Differing perfect-order definitions are driven by end customers and often it is beneficial for a 3PL to visit the end customer's location when developing KPIs, says Steve Cook, vice president of marketing for Saddle Creek, a 3PL based in Lakeland, Fla. "Ultimately, we need to satisfy the end customer. If we deliver according to our client's directions, but for some reason that is not exactly what the end customer wants, we will come out on the losing end." For that reason, when Saddle Creek sets up a major outsourcing program, company reps visit the end customer to see what the physical plant is like and to make sure they understand all of the requirements. "Of course, we only do that with the permission of our client," Cook says.
Company-specific KPIs, by definition, vary greatly and can cover a wide gamut of activities. TMSi, for example, has a Fortune 10 customer that has stretched out its definition of perfect order to include correct capture of the order and the accuracy of inventory counts to ensure inventory availability. "This company has a mature supply chain and a pretty encompassing definition of perfect order," Olds says.
For industries like automotive that employ just-in-time inventory management at their assembly plants, meeting very precise delivery times is critical. "If we miss a delivery schedule we could shut down their line, and no one wants that to happen," says Holly Hamilton, business systems project manager at CEVA Logistics, Jacksonville, Fla.
Sometimes KPIs can differ within the same customer account. One of Menlo's clients is a large electronics manufacturer that sells products through multiple channels. "There are various compliance programs required within each channel, so our KPIs are different for each of those channels," Bassett says.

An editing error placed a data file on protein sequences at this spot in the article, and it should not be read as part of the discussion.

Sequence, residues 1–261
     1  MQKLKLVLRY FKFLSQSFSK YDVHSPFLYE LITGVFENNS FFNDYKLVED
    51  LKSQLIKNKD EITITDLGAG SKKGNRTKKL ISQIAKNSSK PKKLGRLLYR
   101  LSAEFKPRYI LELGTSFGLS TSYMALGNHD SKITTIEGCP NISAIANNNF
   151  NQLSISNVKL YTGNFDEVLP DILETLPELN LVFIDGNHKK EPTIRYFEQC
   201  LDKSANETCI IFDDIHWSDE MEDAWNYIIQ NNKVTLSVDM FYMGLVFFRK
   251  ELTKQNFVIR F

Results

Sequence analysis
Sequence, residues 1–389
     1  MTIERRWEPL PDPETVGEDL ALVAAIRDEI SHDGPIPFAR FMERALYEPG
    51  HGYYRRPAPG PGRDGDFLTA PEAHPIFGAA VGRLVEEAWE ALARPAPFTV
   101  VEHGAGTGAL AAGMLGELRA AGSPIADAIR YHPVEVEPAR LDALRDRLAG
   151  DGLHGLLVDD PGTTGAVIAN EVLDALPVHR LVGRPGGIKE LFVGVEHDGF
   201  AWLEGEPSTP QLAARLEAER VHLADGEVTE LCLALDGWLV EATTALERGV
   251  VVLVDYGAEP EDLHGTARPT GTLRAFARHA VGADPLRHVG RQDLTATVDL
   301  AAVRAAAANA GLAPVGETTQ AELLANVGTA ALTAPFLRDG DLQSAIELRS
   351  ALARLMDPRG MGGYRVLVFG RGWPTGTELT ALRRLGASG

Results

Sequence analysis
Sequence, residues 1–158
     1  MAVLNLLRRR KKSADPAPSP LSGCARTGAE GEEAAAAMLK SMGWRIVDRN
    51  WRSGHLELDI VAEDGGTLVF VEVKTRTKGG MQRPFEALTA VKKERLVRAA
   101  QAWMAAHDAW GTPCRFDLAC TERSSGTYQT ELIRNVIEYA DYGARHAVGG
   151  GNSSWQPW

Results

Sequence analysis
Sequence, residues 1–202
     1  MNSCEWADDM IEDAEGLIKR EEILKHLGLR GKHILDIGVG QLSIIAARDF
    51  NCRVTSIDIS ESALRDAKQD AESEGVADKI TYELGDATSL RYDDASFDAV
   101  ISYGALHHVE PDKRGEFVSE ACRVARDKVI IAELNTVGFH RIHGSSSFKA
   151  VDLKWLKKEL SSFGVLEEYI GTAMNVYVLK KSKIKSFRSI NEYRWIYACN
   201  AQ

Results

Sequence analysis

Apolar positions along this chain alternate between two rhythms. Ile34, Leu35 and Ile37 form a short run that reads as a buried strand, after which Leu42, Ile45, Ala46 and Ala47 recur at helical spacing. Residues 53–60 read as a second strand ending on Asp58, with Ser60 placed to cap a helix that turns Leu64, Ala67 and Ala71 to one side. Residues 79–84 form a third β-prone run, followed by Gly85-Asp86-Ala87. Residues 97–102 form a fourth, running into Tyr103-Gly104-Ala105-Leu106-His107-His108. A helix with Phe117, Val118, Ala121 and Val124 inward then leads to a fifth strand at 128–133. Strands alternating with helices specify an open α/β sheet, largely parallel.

Industry verticals also make a difference. Grocery retailers have issues around code dates, for example, says Blue Sky's Hensley. "If you ship a grocery store a product that is within five days of its expiry date, it might be rejected for not meeting that company's criteria for a perfect order," he says. Because of low margins on individual products, grocers also focus more on total landed cost. "For grocery retailers, it is all about touching products the fewest possible times, because every time something gets touched in the supply chain, their margin goes down," says Hensley.
Retailers of consumer products often include appearance in their criteria. "These customers are very concerned about presentation -- what the box looks like and how it is packed inside," says Harvey Rickels, global marketing director-distribution at United Parcel Service, Atlanta. "We build all of those requirements into our work instructions," he says.
In line with the growing focus on perfect order efficiency, companies also are requiring more financial integration from 3PLs, says Brian Fidler, director of corporate billing for Penske. "Customers are coming now with the expectation that we will allocate costs to each of their different requirements and provide that to them in a format they can upload into their financial system," he says.
3PLs often play a consultative role in the KPI process, says Jim deVries, director of the transportation management center at C.H. Robinson, a logistics company based in Eden Prairie, Minn. DeVries says clients want a perfect order definition that achieves the optimal balance between meeting customer service requirements, maximizing use of assets and optimizing personnel productivity. "What they are coming to us for and what we are trying to help them do is find the right balance of these three things, based on where they are in their business cycle," he says. The business cycle or supply chain maturity will determine which of the three attributes they want to emphasize or de-emphasize, he says. "We often see customers who say all they care about is delivering on time, but their costs are out of control. We provide them visibility to data that will allow them to make more educated decisions on the trade-off between time and costs." This can get into such areas as whether the customer has the right network of distribution centers or the right carrier network to ensure both productivity and performance, he says.
How to Measure